April 28, 2008
The Nanoethics Group Publishes Anthology with Springer
volume focuses on the most urgent and near-term issues facing nanotechnology
OBISPO, CA – April 28, 2008 – The Nanoethics Group today announced that it
has released a collection of important papers addressing a range of
near-term issues related to nanotechnology’s ethical and social
implications. The anthology “Nanotechnology & Society: Current and Emerging
Ethical Issues” is published by Springer, the world’s largest publisher in
science, technology, and medicine books and with more than 150 Nobel
prize-winners on its author’s list.
The new anthology features sixteen papers focused on the most urgent issues
arising from nanotechnology today and in the near future. Written by
leading researchers, policy experts, and nanoethics scholars worldwide, the
book is divided into five units: foundational issues; risk and regulation;
industry and policy; the human condition; and selected global issues. The
essays tackle such contentious issues as environmental impact, health
dangers, medical benefits, intellectual property, professional code of
ethics, privacy, international governance, and more.
“While there are also more distant and speculative issues in nanoethics—and
we’ve touched upon some of them in our previous work—it is important to also
have a single volume focused on the more immediate problems facing
nanotechnology, especially as policymakers and industry are interested in
these issues first and foremost,” said Patrick Lin, Ph.D., director for The
Nanoethics Group and visiting assistant professor at California Polytechnic
State University (Cal Poly, San Luis Obispo).
The volume is co-edited by Fritz Allhoff (Western Michigan Univ.) and
Patrick Lin (Cal Poly, SLO; Dartmouth College), and it presents papers by
notable names in nanotechnology and nanoethics, including (in order of
appearance): Jean-Pierre Dupuy (Stanford), Paul Thompson (Michigan State
Univ.), Arthur Zucker (Ohio University), David Berube (North Carolina State
Univ.), Thomas Powers (Univ. of Delaware), Ashley Shew (Virginia Tech),
Jeroen van den Hoven (Delft Univ. of Tech., Netherlands), Drew Harris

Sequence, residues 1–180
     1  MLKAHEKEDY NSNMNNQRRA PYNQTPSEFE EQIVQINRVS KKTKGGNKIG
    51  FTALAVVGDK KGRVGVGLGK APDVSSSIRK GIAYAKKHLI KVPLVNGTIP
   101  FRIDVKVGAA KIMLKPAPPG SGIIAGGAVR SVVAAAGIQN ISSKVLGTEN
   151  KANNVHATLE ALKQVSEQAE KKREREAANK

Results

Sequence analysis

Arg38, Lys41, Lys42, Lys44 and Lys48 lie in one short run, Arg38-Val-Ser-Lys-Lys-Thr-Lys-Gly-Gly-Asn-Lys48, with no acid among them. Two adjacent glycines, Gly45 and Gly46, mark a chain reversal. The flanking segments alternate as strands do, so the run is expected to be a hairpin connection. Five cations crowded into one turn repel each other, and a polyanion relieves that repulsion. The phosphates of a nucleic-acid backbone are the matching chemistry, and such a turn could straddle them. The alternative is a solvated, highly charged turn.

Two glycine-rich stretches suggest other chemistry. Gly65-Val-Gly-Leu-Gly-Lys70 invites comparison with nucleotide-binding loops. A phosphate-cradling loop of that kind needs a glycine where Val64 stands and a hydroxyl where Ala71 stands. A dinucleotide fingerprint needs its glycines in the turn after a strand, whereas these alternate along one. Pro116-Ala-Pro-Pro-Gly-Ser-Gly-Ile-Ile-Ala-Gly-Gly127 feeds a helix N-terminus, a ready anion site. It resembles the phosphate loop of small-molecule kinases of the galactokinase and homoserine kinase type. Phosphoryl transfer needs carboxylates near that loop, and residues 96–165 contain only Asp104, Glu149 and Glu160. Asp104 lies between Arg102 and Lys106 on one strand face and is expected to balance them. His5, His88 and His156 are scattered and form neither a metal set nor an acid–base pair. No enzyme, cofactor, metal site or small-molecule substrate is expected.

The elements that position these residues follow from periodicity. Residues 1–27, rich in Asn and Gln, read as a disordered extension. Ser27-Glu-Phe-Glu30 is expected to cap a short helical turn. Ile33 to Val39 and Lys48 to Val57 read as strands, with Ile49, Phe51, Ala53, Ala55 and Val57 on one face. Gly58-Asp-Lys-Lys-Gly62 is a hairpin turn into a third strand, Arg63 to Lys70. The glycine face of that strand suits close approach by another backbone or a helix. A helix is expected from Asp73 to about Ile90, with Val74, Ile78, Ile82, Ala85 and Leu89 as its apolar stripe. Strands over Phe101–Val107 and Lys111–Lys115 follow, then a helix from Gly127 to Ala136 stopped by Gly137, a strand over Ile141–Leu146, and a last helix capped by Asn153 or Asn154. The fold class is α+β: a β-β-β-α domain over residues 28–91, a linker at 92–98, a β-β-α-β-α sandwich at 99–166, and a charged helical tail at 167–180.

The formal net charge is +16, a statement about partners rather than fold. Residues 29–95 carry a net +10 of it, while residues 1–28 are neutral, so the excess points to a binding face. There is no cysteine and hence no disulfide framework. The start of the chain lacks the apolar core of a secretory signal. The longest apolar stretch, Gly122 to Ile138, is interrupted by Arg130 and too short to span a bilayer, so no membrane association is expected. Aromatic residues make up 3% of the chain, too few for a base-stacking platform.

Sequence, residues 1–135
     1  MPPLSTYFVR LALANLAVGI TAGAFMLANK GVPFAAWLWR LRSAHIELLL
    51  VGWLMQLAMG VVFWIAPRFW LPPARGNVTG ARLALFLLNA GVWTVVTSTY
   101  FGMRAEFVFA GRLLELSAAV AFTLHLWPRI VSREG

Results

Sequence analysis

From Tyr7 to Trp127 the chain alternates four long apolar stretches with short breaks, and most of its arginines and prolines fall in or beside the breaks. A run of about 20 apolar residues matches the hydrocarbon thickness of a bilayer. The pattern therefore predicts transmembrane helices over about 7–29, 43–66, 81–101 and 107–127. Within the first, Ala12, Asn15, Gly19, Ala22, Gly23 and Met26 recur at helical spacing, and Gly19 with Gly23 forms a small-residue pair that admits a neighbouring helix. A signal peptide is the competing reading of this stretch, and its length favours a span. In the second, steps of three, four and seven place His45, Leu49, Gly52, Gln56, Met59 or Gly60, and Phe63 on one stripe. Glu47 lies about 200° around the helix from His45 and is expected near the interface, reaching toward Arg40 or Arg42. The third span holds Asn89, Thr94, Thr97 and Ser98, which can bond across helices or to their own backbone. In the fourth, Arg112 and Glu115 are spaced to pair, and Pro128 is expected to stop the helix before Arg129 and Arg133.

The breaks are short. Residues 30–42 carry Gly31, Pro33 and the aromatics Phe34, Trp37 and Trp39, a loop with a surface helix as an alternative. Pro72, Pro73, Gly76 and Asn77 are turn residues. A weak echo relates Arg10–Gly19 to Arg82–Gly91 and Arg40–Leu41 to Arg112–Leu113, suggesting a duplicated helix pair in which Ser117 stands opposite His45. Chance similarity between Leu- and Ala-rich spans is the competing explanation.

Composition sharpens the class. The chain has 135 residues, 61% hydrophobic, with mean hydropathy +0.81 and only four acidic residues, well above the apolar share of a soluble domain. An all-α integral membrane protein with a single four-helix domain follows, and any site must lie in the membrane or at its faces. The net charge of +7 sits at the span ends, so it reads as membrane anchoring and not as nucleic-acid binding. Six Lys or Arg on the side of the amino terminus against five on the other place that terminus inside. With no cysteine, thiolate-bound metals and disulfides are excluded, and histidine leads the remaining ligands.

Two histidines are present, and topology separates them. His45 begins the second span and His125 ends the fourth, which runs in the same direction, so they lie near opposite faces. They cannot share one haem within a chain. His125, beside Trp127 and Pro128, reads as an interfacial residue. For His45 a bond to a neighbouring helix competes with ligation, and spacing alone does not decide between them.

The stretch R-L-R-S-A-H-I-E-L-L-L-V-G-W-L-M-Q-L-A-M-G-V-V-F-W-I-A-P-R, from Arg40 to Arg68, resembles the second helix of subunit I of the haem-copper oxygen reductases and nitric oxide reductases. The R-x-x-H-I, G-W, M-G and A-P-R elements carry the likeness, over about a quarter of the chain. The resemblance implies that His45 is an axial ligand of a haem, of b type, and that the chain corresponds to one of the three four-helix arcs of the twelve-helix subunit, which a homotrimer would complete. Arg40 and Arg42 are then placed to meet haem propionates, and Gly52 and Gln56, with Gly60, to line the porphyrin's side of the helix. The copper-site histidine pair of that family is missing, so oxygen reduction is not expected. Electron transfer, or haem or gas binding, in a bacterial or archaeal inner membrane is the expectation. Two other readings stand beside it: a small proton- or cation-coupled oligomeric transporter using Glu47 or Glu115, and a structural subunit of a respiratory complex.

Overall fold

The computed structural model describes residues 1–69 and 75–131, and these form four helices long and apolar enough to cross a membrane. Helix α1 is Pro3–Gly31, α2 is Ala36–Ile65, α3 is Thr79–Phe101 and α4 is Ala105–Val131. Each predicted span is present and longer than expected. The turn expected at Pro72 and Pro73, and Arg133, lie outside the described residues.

(Graves Dougherty Hearon & Moody), Raj Bawa (Bawa Biotechnology Consulting
LLP), Summer Johnson (Albany Medical College), Jason Robert (Arizona State
Univ.), and Joachim Schummer (Tech. Univ. of Darmstadt, Germany).
Organizations such as Canada’s Commission de l'Éthique de la Science et de
la Technologie, European Group on Ethics in Science and New Technologies,
Meridian Institute, and Woodrow Wilson International Center for Scholars
also contributed papers.
The new anthology is also partly based upon work supported by the US
National Science Foundation under Grant No. 0620694 and 0621021. Any
opinions, findings, and conclusions or recommendations expressed in this
material are those of the authors and do not necessarily reflect the views
of the National Science Foundation.
The hardback volume is priced at US$119. For more information and to order,
www.nanoethics.org. A sample chapter and more information can also be
About The Nanoethics Group
California Polytechnic State University (Cal Poly, San Luis Obispo), The
Nanoethics Group is a non-partisan research organization formed to study
nanotechnology’s impact on society and related ethical issues. As
professional ethicists, we help to identify and evaluate possible harms and
conflicts as well as to bring balance and common sense to the debate. Our
mission is to educate and advise both organizations and the broader public
on these issues as a foundation to guide policy and responsible research.
information, please visit
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